WriMo Q&A: Susan Ann Wall

Susan Ann Wall
Big dreamer and certifiable overachiever Susan Ann Wall embraces life at full speed and volume. She’s a beer and tea snob, can be bribed with dark chocolate, and the #1 thing on her bucket list is to be the center of a Bon Jovi flash mob. Susan is a multi-genre author of racy, rule-breaking contemporary romance, romantic suspense, women’s fiction, and erotic fiction (her erotic titles are published as Ann Victor).  Her bragging rights include nine books in three different series,  three perfect children, and a happily ever after with her Hero Husband that started while serving in the U.S. Army and has spanned nearly two decades (which is crazy since she’s not a day over 29). In her next life, Susan plans to be a 5 foot 10, size 8 rock star married to a chiropractor and will not be terrified of large bridges, spiders, or quiet people (shiver). She’s a member of NHRWA, RWA-WF, RomVets, NHWP, NEIW, and WREN. All of her books are available at all major ebook retailers and the paperbacks are available through Amazon and Barnes and Noble.
Please tell us a bit about yourself.
Seven years ago I moved home to the White Mountains after a 13 year hiatus to raise my three kids and live a quiet life with my husband. My friends describe me as crazy and fun and that’s probably not far off the mark. I write racy, rule-breaking contemporary romance, women’s fiction, and romantic suspense.  My NaNoWriMo handle is sawall.
What inspired you to take on NaNoWriMo?
Honestly, I can’t remember why I opted to do it the first time, but ever since then, I’ve been addicted. I write fast anyway, but it’s a good motivator when you know many of your writer friends are drafting a novel at the same rapid pace that you are. This is my 4th consecutive year and I’m writing my very first romantic suspense titled Broken Strings. Here is the premise of the story:  
Best friends since college, witty and guarded Colleen Cooper and misguided playboy Jake Donovan have both sold out to propel Jake’s music career, but now they are trying to find success on their own terms. As a radio station DJ, Colleen has finally made a name for herself, but when Jake offers her the opportunity of a lifetime her own self-doubt and the anonymous threats she can’t escape have her second-guessing her qualifications and ability. Jake will do anything to prove to Colleen that he’s worth taking a chance on, but when the women around him start turning up dead, his reputation makes him the prime person of interest in the investigation, threatening his career and his future with Colleen.
Please tell us a little about your plan for the month.
Because I’m writing in a genre I’ve never written before, I did a lot of planning for this novel. I worked out the backstory for the hero, heroine, and villain, as well as the goal, motivation, and conflict (GMC) for each of them. I brainstormed a list of horrible things that happen, a list of suspects and red herrings, and got some input from some of my writer friends at NHRWA. Then I wrote a loose outline and plugged that into Scrivener so that on November 1, I’d be ready to write.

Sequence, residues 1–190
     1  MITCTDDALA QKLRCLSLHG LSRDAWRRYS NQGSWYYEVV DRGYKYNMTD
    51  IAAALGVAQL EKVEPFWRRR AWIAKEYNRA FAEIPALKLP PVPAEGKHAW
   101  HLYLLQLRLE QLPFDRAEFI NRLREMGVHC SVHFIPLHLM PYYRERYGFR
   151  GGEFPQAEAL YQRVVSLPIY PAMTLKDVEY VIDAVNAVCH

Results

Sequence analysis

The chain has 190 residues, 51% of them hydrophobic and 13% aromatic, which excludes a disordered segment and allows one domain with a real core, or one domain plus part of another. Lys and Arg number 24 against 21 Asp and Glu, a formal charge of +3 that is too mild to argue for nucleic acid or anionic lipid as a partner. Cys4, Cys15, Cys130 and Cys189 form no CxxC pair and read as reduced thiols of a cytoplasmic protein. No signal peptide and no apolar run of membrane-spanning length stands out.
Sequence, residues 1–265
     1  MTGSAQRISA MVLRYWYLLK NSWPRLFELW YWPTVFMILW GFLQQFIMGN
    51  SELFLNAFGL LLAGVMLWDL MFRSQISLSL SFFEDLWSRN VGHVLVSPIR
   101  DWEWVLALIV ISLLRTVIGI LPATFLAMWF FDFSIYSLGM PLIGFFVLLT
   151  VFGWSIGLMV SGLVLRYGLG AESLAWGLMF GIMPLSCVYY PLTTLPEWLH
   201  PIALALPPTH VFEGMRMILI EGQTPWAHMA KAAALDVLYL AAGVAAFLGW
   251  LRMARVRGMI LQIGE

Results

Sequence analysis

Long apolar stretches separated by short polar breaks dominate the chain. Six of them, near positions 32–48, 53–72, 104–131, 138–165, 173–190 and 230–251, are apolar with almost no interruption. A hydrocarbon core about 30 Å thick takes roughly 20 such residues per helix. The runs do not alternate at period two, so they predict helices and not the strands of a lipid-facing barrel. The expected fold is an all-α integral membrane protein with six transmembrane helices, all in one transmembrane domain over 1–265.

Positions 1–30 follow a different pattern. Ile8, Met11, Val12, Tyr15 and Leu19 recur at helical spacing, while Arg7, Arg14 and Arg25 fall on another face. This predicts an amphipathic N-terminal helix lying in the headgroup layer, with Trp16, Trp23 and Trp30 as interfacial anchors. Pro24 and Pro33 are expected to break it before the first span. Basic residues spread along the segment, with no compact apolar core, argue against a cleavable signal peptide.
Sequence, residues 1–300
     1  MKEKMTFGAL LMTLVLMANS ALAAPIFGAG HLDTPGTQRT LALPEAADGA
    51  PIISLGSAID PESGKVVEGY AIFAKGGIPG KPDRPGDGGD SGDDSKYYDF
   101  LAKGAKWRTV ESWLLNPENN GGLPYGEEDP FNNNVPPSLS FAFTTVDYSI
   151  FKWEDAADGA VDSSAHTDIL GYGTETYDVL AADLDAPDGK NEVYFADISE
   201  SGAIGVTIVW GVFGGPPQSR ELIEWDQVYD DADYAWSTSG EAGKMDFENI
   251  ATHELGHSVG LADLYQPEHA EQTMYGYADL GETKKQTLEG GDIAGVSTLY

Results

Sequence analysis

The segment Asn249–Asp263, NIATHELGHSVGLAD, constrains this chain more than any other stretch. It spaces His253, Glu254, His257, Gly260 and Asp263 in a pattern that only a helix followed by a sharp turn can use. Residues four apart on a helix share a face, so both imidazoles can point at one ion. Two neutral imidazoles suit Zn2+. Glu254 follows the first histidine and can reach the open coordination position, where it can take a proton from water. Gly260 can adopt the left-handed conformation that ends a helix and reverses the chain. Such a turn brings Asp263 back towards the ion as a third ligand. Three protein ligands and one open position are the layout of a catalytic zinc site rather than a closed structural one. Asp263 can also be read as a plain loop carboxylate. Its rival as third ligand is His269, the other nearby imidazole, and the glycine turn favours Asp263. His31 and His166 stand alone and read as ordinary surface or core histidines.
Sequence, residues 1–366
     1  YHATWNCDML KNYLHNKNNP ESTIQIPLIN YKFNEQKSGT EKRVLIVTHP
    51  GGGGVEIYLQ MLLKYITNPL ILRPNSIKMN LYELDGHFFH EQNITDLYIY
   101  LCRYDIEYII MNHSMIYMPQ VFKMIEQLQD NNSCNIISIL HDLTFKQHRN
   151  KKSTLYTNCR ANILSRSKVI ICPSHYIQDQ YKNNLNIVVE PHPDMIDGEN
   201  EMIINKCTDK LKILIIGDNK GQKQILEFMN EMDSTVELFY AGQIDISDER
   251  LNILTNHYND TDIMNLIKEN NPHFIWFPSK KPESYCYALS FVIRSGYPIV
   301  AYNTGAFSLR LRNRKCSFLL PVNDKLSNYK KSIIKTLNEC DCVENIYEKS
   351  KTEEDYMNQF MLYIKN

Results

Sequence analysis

If you have done this before what did you learn from your previous experiences?
My first year, I didn’t plot the novel, I just sat down and wrote it (we call that being a pantser – writing by the seat of your pants). That’s how I tend to write anyway, and I achieved 50,000 words in 20 days. My second year, I wanted to be more efficient, so I plotted the novel. On the first day, the story went in a completely different direction than I planned, so the outline didn’t help me at all. I hit 50,000 words in just 12 days. I swear that novel wrote itself. Last year, I opted not to plot the novel, but because I had major surgery mid-month, it took me all 30 days to finish. Because this year’s story is a bit of a challenge, I opted to prepare and plan, that way if I got stuck, I had an outline as Plan B. So far, I’ve been following the outline, so all the planning and preparation has worked out well. On the first weekend, I wrote over 12,000 words.

What about NaNoWriMo are you most looking forward to this year?
I LOVE to write first drafts. Just getting the raw words, emotions, and reactions of the characters in to the story is the most fun for me. After I finish a first draft, I go back and revise, adding in the layers such as setting details and details gathered through the five senses. This isn’t as much fun as writing the first draft, but I’ve found that my writing has developed a lot of the years and I tend to include more of those details when writing a first draft than I used to. First drafts still require a lot of revising, though.

What advice do you have to offer other WriMos?
Set daily and weekly goals, get the support of your family, and let everything else take second chair to your writing goals.

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